Friday Arts Diary

Our cultural picks for the week ahead.

  Comedy

Chris Tucker, London, Hammersmith Apollo, London W6, 24-28 November
The actor and comedian returns to the stand-up comedy circuit after a five-year absence with a world tour beginning at the capital’s Hammersmith Apollo. A man who was given a record-breaking $25 million for the third Rush Hour film, Tucker’s absence comes to an end with the tour and his role in Silver Linings Playbook, out now. The comedian first started doing stand-up after graduating from high school and during the 1990s frequently performed on HBO series, Def Comedy Jam.

Film

Iranian Film Festival, until 23 November, London
The third annual Iranian film festival in London concludes its run with feature film, The Last Step and other short films. Directed by and starring Ali Mostafa, the surreal film sees a man die and stay on screen, offering observations to his film star wife. For the first time, the festival will be followed up with regular screenings in London next year of the best of Persian cinema. My Persian Nights will bring films from the middle eastern country to London in overnight, outdoor and drive-in shows next year.

Art

Ian Hamilton Finlay, Tate Modern, London SE1, until 17 February 2013
Don’t miss this chance to see one of the most renowned British artists of the past century on show at Tate Britain. Ian Hamilton-Finlay was a concrete poet before he became an artist, and throughout his career the two art forms have remained inseparable –whether he was inscribing text onto stones, crafting hand-made books or cultivating his masterpiece artist’s garden, Little Sparta. Twenty-four of his works are currently omn display in the Duveen Galleries at Tate Britain, in materials varying from classical bronze and ceramic to electric neon.

Dance

Unleashed, Barbican Centre, London EC2, 23-24 November
More than a year on from the London riots, there is still no definitive understanding of what caused them. Adding a new dimension to the barrage of media commentary which accompanied the outbursts, Unleashed is a theatre show that explores the hopes, fears and lifestyles of the riot-generation.
Made by the Young People of Barbican Guildhall Creative Learning and Blue Boy Entertainment, this art-council funded show combines music, dance and poetry in a high-energy exploration of what it means to be a young person living in London today. This is guaranteed to be your only chance this year to tackle the question of cuts, jobs and David Cameron via the medium of break dancing.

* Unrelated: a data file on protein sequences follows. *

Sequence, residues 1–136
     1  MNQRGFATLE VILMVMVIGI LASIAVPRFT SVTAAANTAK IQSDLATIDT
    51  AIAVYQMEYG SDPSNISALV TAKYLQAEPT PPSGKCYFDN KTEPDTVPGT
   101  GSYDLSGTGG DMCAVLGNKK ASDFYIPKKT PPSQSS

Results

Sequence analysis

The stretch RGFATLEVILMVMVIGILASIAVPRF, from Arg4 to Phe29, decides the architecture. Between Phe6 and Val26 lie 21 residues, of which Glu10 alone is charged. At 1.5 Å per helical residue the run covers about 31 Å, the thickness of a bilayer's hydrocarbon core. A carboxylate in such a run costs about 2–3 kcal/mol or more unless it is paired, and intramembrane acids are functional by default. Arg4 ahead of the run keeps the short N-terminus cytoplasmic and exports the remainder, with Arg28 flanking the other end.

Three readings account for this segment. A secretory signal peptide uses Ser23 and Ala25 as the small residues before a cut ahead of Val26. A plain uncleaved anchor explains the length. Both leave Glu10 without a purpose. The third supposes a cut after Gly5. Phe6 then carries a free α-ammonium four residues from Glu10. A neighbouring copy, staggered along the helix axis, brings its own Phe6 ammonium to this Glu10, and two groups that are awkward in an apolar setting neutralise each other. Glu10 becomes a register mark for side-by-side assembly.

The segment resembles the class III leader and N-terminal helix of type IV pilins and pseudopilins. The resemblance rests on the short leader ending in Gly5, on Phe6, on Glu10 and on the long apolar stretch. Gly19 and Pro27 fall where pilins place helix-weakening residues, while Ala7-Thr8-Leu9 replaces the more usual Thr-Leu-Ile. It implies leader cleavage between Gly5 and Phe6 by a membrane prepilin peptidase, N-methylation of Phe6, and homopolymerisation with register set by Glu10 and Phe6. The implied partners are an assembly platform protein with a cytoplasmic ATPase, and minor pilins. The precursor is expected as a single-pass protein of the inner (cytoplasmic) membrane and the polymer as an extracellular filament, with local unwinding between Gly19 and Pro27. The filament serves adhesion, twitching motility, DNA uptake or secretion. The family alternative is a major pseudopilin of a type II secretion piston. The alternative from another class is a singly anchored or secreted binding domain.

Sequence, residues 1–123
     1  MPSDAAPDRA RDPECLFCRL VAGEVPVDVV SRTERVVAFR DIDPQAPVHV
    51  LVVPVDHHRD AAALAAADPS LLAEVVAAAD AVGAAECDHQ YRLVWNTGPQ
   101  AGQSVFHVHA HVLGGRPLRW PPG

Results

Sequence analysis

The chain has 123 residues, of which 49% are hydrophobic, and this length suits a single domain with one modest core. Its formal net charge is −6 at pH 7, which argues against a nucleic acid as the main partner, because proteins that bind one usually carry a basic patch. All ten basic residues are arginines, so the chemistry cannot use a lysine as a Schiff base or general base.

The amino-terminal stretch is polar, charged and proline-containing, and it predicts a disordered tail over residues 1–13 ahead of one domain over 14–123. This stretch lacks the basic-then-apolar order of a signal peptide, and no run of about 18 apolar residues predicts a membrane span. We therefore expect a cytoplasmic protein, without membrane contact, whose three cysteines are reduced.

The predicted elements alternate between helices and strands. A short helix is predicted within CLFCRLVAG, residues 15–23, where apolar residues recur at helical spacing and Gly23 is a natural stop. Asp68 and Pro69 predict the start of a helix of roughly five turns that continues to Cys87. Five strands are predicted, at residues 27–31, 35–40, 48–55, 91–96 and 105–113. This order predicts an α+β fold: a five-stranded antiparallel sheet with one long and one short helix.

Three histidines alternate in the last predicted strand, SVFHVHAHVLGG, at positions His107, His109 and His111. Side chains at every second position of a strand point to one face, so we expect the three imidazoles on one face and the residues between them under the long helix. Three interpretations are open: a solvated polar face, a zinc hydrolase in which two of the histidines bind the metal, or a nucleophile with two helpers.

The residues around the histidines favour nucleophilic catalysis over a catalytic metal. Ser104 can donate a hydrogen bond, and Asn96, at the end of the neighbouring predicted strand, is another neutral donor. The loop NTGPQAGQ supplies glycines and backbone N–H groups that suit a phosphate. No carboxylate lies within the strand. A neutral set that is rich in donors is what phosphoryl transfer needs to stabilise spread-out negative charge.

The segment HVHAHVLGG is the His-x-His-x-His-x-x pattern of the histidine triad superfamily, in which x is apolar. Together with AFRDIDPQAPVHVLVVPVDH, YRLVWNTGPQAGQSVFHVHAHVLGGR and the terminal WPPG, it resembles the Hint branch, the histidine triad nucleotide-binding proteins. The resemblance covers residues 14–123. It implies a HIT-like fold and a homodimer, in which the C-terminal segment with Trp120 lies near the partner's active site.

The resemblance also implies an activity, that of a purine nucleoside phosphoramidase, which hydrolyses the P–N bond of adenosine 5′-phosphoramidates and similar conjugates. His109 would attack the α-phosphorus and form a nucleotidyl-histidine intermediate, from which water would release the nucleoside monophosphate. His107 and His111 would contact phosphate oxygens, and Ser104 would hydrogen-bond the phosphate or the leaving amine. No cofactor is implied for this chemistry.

Literary

Book Slam Launch II, Rough Trade East, London E1, 28 November
London’s finest literary salon presents some of our best comics, writers, musicians, plus shining greats of the Twittersphere. Scriptwriting legend Jesse Armstrong has writing credits for almost every television show worth watching - Peep Show, The Thick of It, Fresh Meat and Four Lions. He will be speaking alongside the delightful Salena Godden, as well as comedian Peter Serafinowicz. Music is provided from the 25-piece Basement Orchestra.

Ian Hamilton Finlay, A Wartime Garden (collaboration with John Andrew, 1989) © The estate of Ian Hamilton Finlay
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In defence of orientalism, the case against Twenty20, and why Ken should watch Son of Saul

My week, from Age Concern to anti-semitism.

Returning late from a party I never much wanted to go to, I leap up and down in the middle of the Harrow Road in the hope of flagging down a taxi, but the drivers don’t notice me. Either they’re haring down the fast lane or they’re too preoccupied cursing Uber to one another on their mobile phones. My father drove a black cab, so I have a deep loyalty to them. But there’s nothing like being left stranded in NW10 in the dead of night to make one reconsider one’s options. I just wish Uber wasn’t called Uber.

Just not cricket

Tired and irritable, I spend the next day watching sport on television – snooker, darts, cricket, anything I can find. But I won’t be following the Indian Premier League’s Twenty20 cricket again. It’s greedy, cynical, over-sponsored and naff. Whenever somebody hits a boundary, cheerleaders in cast-off gym kit previously worn by fourth-form Roedean girls wave tinsel mops.

Matches go to the final over where they’re decided in a thrashathon of sixes hit by mercenaries wielding bats as wide as shovels. Why, in that case, don’t both teams just play a final over each and dispense with the previous 19? I can’t wait for the elegant ennui of a five-day Test match.

Stop! Culture police!